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Put aside any thoughts you may have on the late Mario Cuomo, and take one minute of your day on this July 4th to watch 60 seconds of his comments on the dreams of his mother, an immigrant from Italy:

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https://www.youtube.com/watch?v=_aWqdLFbo5o

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Happy 4th of July, -ww.

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Emails and Phone machine are back up.

Builders,

As of 3:50 am today, we have an active shop phone and email service again. I just finished setting up the new phone and machine after repair crews worked on the lines all day.

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While we were in New Jersey, the power pole at the end of our driveway took a lightning strike, which didn’t hurt the house nor hangar, nor get anything related to AC power, but it did burn out everything related to the phone and internet service here. It took ATT several days to get all of it corrected, as it burned the box on the pole, the down lines, the connection at the house, the modem, the internal lines, 3 phones and the answering machine, which died with all the messages it took while we were away.

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We do all our internet work over the same lines, so it was not practical to get this message out in the last 48 hours, nor to cover much email.  If you left us a phone message in the last 14 days, please take a moment to  call back or send us the message by email.  Given a few days to catch up, I will be glad to answer all of them.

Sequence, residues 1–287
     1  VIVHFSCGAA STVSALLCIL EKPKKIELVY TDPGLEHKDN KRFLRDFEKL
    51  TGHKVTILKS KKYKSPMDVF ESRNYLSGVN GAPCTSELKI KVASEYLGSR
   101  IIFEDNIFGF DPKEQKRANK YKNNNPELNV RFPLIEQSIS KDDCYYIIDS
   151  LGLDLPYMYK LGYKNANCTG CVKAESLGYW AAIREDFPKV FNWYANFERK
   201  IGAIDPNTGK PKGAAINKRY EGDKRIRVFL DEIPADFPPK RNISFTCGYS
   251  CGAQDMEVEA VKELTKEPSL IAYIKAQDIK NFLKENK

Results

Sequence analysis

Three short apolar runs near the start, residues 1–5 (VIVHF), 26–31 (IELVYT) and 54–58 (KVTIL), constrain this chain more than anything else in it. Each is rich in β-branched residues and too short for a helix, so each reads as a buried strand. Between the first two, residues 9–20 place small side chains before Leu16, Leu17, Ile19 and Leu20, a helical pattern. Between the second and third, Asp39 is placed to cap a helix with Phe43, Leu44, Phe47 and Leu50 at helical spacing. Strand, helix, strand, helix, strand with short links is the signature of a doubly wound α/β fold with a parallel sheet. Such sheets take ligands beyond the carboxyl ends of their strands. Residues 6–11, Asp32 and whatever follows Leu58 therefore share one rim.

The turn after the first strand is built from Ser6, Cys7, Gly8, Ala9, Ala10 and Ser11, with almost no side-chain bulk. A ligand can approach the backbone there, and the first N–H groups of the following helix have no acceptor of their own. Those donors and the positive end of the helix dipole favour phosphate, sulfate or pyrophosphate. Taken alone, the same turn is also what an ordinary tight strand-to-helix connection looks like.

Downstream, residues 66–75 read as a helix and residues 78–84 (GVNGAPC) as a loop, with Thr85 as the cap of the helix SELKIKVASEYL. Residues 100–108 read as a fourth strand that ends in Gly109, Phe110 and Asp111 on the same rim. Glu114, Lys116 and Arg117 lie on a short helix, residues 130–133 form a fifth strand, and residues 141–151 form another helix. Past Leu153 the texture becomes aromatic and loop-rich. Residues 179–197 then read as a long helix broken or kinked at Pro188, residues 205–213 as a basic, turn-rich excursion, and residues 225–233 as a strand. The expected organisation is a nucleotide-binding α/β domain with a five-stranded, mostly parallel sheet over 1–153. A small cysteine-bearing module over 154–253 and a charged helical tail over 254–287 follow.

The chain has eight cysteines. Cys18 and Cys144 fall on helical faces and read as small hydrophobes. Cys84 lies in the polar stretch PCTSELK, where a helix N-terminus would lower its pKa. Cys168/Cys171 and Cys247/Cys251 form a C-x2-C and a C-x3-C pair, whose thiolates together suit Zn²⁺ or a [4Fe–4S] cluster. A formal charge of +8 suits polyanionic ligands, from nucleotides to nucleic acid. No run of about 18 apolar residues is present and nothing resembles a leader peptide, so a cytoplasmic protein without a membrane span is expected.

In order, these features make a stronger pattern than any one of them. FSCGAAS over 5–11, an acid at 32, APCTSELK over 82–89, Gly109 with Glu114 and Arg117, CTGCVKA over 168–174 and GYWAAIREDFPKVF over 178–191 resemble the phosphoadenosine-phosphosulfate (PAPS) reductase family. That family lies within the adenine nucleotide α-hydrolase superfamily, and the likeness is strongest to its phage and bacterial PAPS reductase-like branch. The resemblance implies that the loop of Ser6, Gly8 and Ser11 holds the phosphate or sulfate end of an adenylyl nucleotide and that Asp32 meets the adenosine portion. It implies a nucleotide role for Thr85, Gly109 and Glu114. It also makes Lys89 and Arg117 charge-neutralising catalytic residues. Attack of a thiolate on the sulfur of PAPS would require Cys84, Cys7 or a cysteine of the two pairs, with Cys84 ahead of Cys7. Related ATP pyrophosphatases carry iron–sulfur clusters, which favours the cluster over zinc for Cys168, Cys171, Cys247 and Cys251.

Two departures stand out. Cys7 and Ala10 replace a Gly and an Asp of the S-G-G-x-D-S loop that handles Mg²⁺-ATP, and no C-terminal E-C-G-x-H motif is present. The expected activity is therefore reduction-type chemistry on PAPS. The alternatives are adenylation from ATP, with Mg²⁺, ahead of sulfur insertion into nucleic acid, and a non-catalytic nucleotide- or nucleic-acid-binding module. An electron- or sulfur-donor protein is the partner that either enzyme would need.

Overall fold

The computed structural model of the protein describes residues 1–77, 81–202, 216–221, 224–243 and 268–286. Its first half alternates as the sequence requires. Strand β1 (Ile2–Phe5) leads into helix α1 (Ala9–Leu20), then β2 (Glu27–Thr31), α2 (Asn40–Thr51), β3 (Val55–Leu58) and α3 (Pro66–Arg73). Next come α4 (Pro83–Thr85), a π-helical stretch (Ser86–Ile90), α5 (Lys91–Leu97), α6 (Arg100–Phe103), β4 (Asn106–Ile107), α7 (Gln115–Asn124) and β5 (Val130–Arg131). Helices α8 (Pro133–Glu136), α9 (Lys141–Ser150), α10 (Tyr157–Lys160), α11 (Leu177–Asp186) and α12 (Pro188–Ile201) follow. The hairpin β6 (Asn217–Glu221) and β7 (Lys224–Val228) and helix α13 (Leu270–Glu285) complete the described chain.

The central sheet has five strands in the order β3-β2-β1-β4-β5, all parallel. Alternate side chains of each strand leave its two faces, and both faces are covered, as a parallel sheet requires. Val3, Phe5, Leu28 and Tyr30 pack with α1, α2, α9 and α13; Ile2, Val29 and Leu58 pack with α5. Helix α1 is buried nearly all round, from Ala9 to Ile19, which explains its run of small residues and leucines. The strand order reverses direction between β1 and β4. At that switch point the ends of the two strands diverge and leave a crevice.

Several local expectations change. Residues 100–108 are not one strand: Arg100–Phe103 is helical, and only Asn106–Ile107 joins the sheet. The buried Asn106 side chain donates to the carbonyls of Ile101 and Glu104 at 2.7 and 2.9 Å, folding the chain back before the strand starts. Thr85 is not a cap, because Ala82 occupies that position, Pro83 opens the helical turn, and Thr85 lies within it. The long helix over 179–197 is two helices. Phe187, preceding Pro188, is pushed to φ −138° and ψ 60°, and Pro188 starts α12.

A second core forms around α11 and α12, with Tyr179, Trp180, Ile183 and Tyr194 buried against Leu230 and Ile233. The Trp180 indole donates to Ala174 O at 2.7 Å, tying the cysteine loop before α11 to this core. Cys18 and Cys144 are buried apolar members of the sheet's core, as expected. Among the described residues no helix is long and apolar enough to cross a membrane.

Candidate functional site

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When sending an email, please remember to include your phone number, and the latest hour it is OK to call you back. Many emails are better answered by phone calls, and I can answer in depth and at length in the evening when things slow down.

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Thanks, William

New 2850cc / 110hp Corvair in photos.

Builders,

Below is a look at a 2,850cc engine I built and test ran the first week of June. It is now in the hands of the owner, bolted on his Bearhawk LSA project.

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The engine was built around one of our 2,850 piston and cylinder kit. It features a Weseman billet Crank and rods, and a Gen II 5th bearing. It ran like a banshee. It was on the test stand for about 2 hours of break in runs.

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Every year I build a number of example engines like this, to demonstrate how “state of the art” Corvairs can be custom configured to a particular builders project and needs. The great majority of Corvair flight engines have always been, and will always be, made by the hands of the builders themselves, with our manuals, training and parts, building their own example of a proven engine, like the one above.

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These builders are not motivated by the money savings available, their primary motivation is the be in command of their own project, to learn, understand and know every part of their aircraft. The desire to be the master of your creation, rather than just it’s owner, is at the very core of homebuilding…..

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Many people know this, but the settle for far less, and for a variety of excuses they cede control and understanding of their power plant to a commercial provider, who essentially puts the “no user serviceable parts inside” sticker on their product, demoting the potential of the builder from “master motor head” to ‘consumer’. 95% of the people who put an engine on the front of their homebuilt this year will settle for that. Many people find comfort in doing what the masses do, they need to know that the ‘trend’ is. For the small minority who don’t concern themselves with the ‘choices’ of others, Only interested in what will advance their own mastery and control, we have the Corvair.